Impact of Global warming on the British Isles and a Tropical region


Effects on the British Isles

  • UK could experience warmer summers, longer hot spells, droughts and iincreased storm activity.
  • However if warm Gulf Stream current is diverted away from the UK, the UK could become as cold as Northern Canada.

Coastal regions

  • Increase in sea levels and an increase in the frequency and magnitude of storms, storm surges and waves  would lead to more coastal flooding.
  • Sea levels are predicted to rise between 12 and 37cm by 2050, would make low lying lands vulnerable particularly the coast of East Anglia, Lancashire, the humber estuary and the Thames estuary.
  • Flooding would lead to disruption in transport, manufacturing and the housing sector.
  • In addition, there will be long term damage to agricultural land and threaten salt marshes.
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Effects on the British Isles

  • Summer rainfall in southern Britain could decline by 40%
  • Temperatures could rise by 3 degrees celcius


Higher temperatures can result in:

  • A decreased yield of cereal crops -> food prices rise -> lower class families not able to feed families etc.
  • An increased yield of sugar beet and potatoes.
  • An increase in the length of the growing season for grasses and trees -> high productivity.
  • Introduction of new crop species (UK could become a wine producing region)
  • Increase in some transboundary pests for example the Colorado Beetle -> damages potatoes and decrease yield
  • More frequent droughts.  
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Effects on the British Isles


  • significant movement of species northwards and to high elevations such as cod or haddock.
  • Extinction of some native species that are not able to adapt to the increasing temperatures.
  • Loss of species hat occur in isolated, damp, cool or coastal habitats.
  • Invasion and spread of 'alien' weeds, pests and diseases
  • Increased number of invertebrates, birds and mammals which will compeate with native species for resources and may out-compete them.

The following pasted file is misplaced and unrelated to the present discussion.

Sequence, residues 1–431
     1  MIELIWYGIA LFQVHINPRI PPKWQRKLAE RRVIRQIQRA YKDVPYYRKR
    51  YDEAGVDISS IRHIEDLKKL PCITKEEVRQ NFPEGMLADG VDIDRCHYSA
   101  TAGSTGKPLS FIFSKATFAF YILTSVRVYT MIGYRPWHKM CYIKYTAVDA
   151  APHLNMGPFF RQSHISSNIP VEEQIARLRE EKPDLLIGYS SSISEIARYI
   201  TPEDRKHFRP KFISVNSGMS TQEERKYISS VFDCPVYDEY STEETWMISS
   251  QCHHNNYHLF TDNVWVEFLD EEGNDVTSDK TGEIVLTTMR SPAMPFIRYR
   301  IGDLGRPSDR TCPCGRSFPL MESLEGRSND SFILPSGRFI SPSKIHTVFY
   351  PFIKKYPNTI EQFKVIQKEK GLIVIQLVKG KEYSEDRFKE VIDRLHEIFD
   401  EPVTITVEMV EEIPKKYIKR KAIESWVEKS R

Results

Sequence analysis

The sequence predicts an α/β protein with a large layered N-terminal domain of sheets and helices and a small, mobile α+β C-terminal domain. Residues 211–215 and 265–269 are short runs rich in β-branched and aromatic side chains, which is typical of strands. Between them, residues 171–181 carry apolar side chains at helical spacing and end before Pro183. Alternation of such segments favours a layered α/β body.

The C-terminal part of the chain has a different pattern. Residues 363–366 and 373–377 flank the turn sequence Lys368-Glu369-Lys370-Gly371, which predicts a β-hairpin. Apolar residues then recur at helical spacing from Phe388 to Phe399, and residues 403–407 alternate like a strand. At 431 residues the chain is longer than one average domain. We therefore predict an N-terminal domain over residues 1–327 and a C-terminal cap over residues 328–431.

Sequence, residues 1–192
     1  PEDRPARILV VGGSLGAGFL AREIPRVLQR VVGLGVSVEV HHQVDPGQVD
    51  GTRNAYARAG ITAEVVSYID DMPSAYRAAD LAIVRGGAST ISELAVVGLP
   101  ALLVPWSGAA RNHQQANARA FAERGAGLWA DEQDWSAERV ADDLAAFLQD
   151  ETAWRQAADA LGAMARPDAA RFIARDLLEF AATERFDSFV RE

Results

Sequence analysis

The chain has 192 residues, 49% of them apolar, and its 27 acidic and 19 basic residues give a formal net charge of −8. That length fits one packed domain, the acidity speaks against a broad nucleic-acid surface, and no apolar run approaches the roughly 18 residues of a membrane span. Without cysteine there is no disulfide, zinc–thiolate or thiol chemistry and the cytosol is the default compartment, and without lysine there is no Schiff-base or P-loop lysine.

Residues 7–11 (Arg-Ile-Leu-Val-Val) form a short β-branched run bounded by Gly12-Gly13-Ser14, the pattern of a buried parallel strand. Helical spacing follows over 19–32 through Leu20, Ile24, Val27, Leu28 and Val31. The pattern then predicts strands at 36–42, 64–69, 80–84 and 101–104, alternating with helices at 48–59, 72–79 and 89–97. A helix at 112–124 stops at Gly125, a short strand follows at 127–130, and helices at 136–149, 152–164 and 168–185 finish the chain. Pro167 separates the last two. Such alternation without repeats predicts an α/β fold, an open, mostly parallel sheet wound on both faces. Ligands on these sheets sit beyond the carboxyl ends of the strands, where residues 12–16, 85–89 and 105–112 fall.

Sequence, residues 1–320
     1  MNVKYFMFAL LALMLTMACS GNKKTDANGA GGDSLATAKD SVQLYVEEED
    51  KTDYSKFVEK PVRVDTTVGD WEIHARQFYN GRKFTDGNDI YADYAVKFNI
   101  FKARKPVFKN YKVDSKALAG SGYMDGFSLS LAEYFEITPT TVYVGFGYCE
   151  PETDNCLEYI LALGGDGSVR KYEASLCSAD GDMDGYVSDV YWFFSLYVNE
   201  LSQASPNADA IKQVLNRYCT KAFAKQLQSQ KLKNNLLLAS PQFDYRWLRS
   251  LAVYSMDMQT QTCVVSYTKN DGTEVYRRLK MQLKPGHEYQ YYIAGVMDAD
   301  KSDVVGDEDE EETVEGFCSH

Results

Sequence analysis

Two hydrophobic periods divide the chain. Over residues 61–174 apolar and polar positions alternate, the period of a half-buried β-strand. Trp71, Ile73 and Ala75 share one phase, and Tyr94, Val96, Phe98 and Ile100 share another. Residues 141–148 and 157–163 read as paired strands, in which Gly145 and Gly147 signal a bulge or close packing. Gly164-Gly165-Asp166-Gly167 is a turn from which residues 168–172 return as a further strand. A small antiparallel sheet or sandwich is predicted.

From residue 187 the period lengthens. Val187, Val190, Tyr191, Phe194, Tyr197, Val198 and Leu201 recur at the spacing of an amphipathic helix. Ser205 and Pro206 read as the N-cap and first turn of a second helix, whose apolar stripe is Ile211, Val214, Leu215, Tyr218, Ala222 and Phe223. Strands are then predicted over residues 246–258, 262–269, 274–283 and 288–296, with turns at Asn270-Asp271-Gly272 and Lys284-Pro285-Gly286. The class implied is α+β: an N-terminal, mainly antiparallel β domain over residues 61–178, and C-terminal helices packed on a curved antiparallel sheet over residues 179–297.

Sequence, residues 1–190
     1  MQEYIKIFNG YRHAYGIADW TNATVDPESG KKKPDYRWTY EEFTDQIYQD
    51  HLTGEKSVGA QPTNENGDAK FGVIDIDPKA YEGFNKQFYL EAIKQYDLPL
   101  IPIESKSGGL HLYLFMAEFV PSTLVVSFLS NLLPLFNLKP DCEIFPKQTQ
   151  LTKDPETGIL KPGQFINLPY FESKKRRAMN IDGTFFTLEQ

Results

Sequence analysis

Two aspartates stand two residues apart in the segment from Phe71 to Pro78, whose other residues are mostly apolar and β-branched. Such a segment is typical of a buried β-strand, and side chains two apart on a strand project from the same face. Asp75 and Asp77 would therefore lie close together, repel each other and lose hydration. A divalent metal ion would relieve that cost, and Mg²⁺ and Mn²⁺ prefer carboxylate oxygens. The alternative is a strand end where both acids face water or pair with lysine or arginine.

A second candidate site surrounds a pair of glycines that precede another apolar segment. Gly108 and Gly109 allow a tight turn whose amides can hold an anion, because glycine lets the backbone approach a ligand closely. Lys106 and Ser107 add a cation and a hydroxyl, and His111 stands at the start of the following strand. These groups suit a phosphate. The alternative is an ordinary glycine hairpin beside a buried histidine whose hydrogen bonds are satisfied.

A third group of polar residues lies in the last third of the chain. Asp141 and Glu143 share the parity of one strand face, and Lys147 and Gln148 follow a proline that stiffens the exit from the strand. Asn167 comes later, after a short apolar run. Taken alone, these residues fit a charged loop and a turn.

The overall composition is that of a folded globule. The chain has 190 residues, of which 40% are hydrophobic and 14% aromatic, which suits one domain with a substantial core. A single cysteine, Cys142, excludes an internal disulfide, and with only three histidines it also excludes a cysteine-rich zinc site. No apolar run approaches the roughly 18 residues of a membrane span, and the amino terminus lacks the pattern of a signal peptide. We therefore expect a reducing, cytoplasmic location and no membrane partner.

• Disappearence of snow from the tops of the highest mountains.
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Effect on monsoon climate - case study - Banglades

  • Bangladesh lies within the monsoon climatic zone.
  • Population estimated by UN at 150 million in 2008.
  • One of the most densly populated countries - 1102 people/Km2
  • Also one of the poorest nations (GNP per capita =USD 1,314) it is also the most ill-prepared to face the challenges presented by climate change especially due to the fact that 75% is on the flood plain.
  • Increase in average temperatures by 1.5 - 2 degrees centigrade by 2050.
  • An increase of 10-15% in annual precipitation by 2050
  • Increase in frequency and severity of cyclones during the wet season as a result of warmer sea temperatures in the Bay of Bengal.
  • 20% increase in river discharge, partly from ithe predicted increase in precipitation but also due to an increase in glacier melt water from the Himalayas where the rivers Brahmaputra, Mengnha and Ganges have their source.
  • significant rise in sea level. In 2001 the World Bank reported rising sea levels of 3 mm per year.
  • It is predicted that by 2050, sea levels will rise by 1m in Bangladesh which would result in 15% of the total land area being inundated by salt water.
  • An estimated 13-30 million people could be displaced from their homes by permenant flooding .
  • Total rice crop yeild is estimated to decrease by 30% - due to the loss of land
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Effect on monsoon climate - case study - Banglades

  • Loss of land might result in mass migration into Northeast India and is therefore likely to increase international tensions between the two countries, in addtion to political instability.
  • Coral reefs will become irreparably damaged by severe storms and this will have a knock on effect on rare marine species and reduce biodiversity.
  • The Sundarbans is a large cluster of islands totalling an area of 10,000 km2, stretching along the coastline from Bangladesh to India.
  • It is home to the world's largest mangrove forest
  • Was declared a UNESCO World Heritage site in 1997.
  • It is also Asia's largest natural 'carbon sink' and supports many species including the Royal Bengal tiger, the Indian python and the esturine crocodile.
  • Climate change may lead to loss of this unique area: complete flooding of low islands, retreat of shorelines, salination of the soil and a rise in the water table
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